HOLLYWOOD, LOS ANGELES (KABC) -- A 15-year-old boy was arrested on suspicion of manslaughter for allegedly selling a fentanyl-laced drug to two high school students -- one of whom fatally overdosed -- and a 16-year-old boy was arrested for allegedly selling narcotics to a third student at a nearby park, authorities announced Thursday.
LAPD Chief Michel Moore confirmed that the suspects were taken into custody amid an ongoing investigation into the incident that occurred Tuesday at Bernstein High School in Hollywood.
The younger boy, who lives with his grandmother, allegedly sold a pill to two 15-year-old girls on the Bernstein campus, causing both of them to overdose. One of them, who was identified by family as 15-year-old Melanie Ramos, was pronounced dead after being found on the floor of a girls' bathroom on the campus.
The 15-year-old boy will be booked for manslaughter, Moore told reporters at a news conference. He was allegedly found to be in possession of additional pills when taken into custody.
The 16-year-old suspect was arrested as he was going to school Thursday morning. He is accused of selling narcotics at nearby Lexington Park and will be booked accordingly, the chief said.
Authorities said earlier that at least two students suffered apparent overdoses at the park on Tuesday night.
Both suspects are students at APEX Academy, a charter school located on the Bernstein campus, and investigators believe they are close associates, the LAPD said. Neither one was publicly identified because they are minors.
On Thursday morning, Los Angeles police served a search warrant at an apartment building on Eleanor Avenue in Hollywood as part of the investigation.
According to police and Los Angeles Unified School District officials, Tuesday's incident began around 8 p.m., when a man went to Bernstein High School, 1309 N. Wilton Place, in search of his stepdaughter, who had not returned home from school.
He found his stepdaughter suffering from apparent overdose symptoms, although she was still conscious and was able to tell him that one of her friends was in a girls' bathroom, officials said. The man and a school employee found Ramos unresponsive in the bathroom, where she died.
LAPD Lt. John Radtke told reporters that the students apparently went to the park and purchased some type of pills, thinking it was the pain killer Percocet, but the pills appeared to have been laced with fentanyl.
Paramedics from the Los Angeles Fire Department were summoned to the campus after Ramos was found in the bathroom, but they were unable to revive her. The other 15-year-old girl was taken to a hospital in stable condition and is expected to survive, the LAPD said.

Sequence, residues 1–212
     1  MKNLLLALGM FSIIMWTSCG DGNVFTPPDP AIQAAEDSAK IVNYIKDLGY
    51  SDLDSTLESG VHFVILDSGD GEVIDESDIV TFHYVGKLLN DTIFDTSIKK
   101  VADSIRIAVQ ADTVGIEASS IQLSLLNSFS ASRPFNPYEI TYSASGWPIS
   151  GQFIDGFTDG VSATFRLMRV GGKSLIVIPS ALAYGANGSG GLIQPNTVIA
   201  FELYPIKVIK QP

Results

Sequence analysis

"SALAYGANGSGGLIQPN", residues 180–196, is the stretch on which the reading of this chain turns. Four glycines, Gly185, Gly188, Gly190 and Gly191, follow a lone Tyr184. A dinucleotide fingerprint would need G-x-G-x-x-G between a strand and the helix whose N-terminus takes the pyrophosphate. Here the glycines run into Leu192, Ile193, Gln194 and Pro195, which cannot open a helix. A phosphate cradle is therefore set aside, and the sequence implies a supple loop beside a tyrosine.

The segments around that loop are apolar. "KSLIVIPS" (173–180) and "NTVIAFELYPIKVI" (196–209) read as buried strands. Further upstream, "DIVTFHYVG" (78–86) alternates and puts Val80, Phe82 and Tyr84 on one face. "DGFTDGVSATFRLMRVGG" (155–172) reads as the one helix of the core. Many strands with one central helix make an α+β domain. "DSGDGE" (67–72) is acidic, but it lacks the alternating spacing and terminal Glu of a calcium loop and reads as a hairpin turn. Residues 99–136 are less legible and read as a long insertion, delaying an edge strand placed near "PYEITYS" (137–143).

Investigators believe the victims purchased the pills at Lexington Park, which is less than a mile away from campus. The Fire Department reported two other overdoses at the park earlier in the day.
Police said one of those victims apparently received the anti-overdose medication Narcan at the scene and left the scene, and has not come forward to police or been identified.
Meanwhile, students and loved ones have since created a memorial outside of Bernstein High School in honor of Ramos. Her family spoke with Eyewitness News and described the young girl as "innocent, easy and outgoing."
Ramos was a 10th grader with hopes of joining the U.S. Army.
Now, family members are questioning the actions of school leaders.
"Is there no routine where the school checks that there's no student left behind?" asked Gladys Manriques, the girl's aunt. "We do feel we need justice. Whoever is out there poisoning our kids, it's not fair for them to be out free."
The LAPD said overdoses are on the rise and they'll be working to find the narcotics dealer who sold the pills. There will be an increased police presence at the park on Wednesday.
"I think we all share responsibility to all of our children. So we all need to talk to our children, the schools need to talk to our children. We need to work together to make everyone aware how dangerous this poison is," Radtke said.
On Thursday evening, the Los Angeles Department of Public Health issued a health alert, warning parents of fentanyl-laced pills in the community.
"Fentanyl and methamphetamine-related overdose deaths have increased in Los Angeles County even prior to the pandemic and continue to rise at an alarming rate," the alert stated.
Officials say it is common for drug dealers to lace pills with fentanyl.
"This is a scourge and an epidemic that is well-known across the country. It is unacceptable," said LAUSD Superintendent Alberto Carvalho. "It is even more unacceptable when it impacts the youth of our community. There is no excuse for that nor is there tolerance for that."
City News Service contributed to this report.